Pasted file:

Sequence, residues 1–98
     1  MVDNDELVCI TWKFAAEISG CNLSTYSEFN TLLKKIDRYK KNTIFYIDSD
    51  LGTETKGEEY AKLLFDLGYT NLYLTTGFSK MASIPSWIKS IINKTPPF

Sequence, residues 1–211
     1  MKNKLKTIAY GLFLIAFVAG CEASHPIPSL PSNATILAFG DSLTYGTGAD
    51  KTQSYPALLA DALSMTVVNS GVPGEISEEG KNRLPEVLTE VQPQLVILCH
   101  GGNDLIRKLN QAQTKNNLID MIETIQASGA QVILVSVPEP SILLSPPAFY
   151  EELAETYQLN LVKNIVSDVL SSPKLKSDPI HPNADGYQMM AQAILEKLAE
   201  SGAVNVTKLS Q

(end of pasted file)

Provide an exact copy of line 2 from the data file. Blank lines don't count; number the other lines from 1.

     1  MVDNDELVCI TWKFAAEISG CNLSTYSEFN TLLKKIDRYK KNTIFYIDSD